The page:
Regarding the first consideration, the patentee had argued for the validity of the earlier claim and had received a notice of allowability from the Patent and Trademark Office. That claim was subsequently withdrawn and ultimately cancelled in response to a restriction requirement that forced the patentee to elect between method and product claims. Of import, the withdrawal and cancellation were made “without prejudice,” meaning the patentee (or whoever ended up owning the patent) could refile the claim in a new, “divisional” application. The Federal Circuit found that this cancellation thus did not constitute a disclaimer of validity of the claim, and that the assignment, which assigned not just the application as it then existed but also all rights to continuations and divisional patent applications, resulted in the cancelled claim being assigned to Hologic. Further, the inventor had signed an oath when he filed the patent application that indicated his “implicit good-faith belief” that the claims were patentable, and had both argued that the claim should be allowed during prosecution and had indicated in the assignment that he had “no present knowledge from which [he] could reasonably conclude” that the assigned intellectual property rights were invalid of unenforceable. This was enough for the Federal Circuit to determine that the patentee had warranted, explicitly or implicitly, that the subject matter of the cancelled claim was valid.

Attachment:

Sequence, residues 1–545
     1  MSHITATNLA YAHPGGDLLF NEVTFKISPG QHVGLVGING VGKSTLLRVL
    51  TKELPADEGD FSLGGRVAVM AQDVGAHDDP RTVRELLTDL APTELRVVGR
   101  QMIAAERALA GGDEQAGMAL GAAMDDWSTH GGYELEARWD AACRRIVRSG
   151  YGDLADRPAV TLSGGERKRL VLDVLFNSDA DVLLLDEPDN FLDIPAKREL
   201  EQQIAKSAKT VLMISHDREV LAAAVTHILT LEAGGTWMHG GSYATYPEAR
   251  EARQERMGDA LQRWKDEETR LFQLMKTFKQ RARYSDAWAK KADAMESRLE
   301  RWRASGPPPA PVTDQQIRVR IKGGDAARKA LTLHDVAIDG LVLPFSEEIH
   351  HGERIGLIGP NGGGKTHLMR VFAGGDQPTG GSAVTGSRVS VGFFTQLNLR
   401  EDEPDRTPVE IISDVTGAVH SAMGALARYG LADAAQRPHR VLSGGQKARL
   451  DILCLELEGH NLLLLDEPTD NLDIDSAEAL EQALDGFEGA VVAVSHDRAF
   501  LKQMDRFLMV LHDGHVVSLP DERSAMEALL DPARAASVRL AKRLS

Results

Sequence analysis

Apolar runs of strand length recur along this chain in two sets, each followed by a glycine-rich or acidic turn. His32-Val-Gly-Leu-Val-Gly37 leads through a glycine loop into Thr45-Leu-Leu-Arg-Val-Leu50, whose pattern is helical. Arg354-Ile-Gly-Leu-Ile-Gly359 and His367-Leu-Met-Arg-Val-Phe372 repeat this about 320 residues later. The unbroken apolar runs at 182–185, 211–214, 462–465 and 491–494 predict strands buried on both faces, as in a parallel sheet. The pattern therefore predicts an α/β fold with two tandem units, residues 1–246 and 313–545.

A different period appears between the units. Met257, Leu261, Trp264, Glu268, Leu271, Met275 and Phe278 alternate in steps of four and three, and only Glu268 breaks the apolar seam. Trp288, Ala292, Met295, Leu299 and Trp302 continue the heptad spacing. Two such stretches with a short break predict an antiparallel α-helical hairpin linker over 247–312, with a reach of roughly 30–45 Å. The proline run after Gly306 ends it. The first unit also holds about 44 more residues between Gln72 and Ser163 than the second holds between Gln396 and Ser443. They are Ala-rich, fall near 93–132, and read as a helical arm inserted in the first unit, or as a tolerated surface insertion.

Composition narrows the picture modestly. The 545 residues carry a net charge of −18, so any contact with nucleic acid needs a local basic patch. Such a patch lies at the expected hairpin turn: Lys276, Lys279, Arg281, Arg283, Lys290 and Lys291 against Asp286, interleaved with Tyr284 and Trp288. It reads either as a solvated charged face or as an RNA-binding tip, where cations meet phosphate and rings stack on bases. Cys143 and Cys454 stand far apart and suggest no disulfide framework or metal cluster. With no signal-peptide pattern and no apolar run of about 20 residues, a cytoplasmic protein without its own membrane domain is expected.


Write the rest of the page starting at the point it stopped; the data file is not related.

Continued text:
The Federal Circuit next determined, after construing the claims, that the scope of the claim in suit was encompassed by the original claim, and that it therefore did not fall within the exception to the estoppel of claims that were materially broadened following the assignment. The Court noted that to fall outside of the scope of the estoppel, the claim would have to be “’materially broader’ (rather than just broader)” than the original claim, although it did not provide any guidance on where this distinction might lie. Finally, the court noted that there was no dispute regarding the other aspects of the application of estoppel – that the inventor had executed a broad assignment of patent rights and had received appreciable value for the assignment, that he founded Minerva to compete with Hologic, and that he was in privity with Minerva. Accordingly, the Federal Circuit estopped Minerva from arguing that the claim was invalid or unenforceable. Hologic had already obtained summary judgment of infringement and damages of about $5 million, which remain in effect.